Calls are intensifying for the United States, NATO and the Arab League to intervene to halt the bloodbath being perpetrated in Syria. Commentators on both the Left and Right are castigating the Obama Administration for its seeming hypocrisy in refusing to act in Syria having done so in Libya. The same arguments that were made to justify intervention in Libya apply in spades to the situation in Syria.
The White House’s reluctance to intervene in Syria is based on two simple facts. The first of these is that Syria is not Libya. As Pentagon leaders have pointed out, Syria deploys four times the air defenses that were available to Libya. Syria has a real Army. Access to Syrian airspace would pose a greater challenge than was the case in Libya, particularly if Turkey isn’t involved.
The second reason is that NATO would be only a limited player in such an operation. The limits of the Alliance’s ability to conduct air operations were demonstrated in Libya. NATO lacked a range of critical capabilities including targeteers, SEAD, electronic warfare, combat search and rescue, aerial refueling and unmanned aerial systems. Several allies ran out of precision munitions. To date, little has been done to remedy revealed gaps in capabilities.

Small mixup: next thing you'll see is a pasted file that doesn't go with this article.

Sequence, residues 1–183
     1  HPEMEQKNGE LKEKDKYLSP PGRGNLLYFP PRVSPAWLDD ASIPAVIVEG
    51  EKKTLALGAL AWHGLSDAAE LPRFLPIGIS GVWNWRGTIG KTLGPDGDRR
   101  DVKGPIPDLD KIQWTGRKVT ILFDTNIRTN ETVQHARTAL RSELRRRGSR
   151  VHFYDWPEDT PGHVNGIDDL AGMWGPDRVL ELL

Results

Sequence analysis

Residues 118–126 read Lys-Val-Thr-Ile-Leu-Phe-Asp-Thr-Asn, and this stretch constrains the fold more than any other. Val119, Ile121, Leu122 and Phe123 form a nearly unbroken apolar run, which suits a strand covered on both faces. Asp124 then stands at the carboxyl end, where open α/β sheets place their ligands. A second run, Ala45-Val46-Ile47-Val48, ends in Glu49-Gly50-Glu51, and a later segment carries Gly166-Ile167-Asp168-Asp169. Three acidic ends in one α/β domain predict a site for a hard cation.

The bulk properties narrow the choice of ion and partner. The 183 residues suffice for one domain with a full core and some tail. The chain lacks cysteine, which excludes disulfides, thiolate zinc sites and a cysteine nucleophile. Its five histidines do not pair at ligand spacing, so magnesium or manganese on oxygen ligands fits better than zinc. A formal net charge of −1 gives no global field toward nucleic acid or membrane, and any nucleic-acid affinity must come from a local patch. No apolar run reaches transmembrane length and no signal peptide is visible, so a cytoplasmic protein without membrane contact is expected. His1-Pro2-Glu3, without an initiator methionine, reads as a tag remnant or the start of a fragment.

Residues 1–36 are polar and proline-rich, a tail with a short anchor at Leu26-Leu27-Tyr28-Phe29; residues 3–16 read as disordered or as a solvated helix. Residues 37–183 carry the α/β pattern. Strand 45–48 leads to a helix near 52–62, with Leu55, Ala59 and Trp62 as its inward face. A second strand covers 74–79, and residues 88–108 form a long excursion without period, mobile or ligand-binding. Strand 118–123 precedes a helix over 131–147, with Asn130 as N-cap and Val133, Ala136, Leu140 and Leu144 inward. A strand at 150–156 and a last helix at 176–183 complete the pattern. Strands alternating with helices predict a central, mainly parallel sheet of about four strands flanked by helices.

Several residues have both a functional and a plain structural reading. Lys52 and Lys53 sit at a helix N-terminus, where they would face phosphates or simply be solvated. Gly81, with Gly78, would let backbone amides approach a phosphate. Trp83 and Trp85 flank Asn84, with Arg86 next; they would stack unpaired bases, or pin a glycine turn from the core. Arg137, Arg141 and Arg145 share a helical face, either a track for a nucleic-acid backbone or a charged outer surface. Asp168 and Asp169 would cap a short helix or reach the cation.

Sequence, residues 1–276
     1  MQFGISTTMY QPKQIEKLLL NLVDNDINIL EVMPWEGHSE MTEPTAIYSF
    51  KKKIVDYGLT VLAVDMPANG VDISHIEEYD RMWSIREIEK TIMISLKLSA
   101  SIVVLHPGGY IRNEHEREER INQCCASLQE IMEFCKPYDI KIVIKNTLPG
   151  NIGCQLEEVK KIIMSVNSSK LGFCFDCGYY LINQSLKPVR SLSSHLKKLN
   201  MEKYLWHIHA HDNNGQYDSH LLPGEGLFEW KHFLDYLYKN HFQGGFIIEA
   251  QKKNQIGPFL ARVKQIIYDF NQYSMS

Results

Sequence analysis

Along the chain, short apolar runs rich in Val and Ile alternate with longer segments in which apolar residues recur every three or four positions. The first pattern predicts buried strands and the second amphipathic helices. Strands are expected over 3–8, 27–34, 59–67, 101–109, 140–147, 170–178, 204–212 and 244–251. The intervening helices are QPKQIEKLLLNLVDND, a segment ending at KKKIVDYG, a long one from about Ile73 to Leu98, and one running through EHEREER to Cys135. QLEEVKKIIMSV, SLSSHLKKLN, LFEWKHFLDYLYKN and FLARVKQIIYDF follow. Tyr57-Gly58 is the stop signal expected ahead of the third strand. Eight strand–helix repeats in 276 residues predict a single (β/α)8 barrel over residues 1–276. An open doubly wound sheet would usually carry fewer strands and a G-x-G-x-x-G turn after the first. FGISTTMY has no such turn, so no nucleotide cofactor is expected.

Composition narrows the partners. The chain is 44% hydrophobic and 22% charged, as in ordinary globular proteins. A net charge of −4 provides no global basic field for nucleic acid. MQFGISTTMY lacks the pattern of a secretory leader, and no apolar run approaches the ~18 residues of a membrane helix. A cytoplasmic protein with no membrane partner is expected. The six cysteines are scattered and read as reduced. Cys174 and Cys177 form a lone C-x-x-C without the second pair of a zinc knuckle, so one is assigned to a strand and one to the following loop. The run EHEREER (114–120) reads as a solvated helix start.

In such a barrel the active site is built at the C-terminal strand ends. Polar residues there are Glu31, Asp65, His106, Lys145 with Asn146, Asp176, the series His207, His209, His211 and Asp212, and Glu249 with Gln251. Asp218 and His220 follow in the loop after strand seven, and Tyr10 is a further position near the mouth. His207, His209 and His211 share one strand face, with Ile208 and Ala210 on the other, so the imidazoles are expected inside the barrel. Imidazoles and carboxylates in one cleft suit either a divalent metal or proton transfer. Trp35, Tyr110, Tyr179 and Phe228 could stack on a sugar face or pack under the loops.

The White House recognizes that a Syrian operation would not be just U.S.-led but U.S. dominated. The Obama Administration knows that it could not operate from behind because the Alliance could not lead.
NATO is struggling to respond to the lessons from the Libyan campaign. The Alliance is working on solutions to the shortfalls revealed by Libya within the context of proposals for implementing a strategy of “Smart Defense.” These solutions are supposed to be revealed at the upcoming Summit in Chicago this May. One metric for judging the adequacy of Smart Defense should be the requirements for a NATO-led operation on the scale of an intervention in Syria.
Find Archived Articles: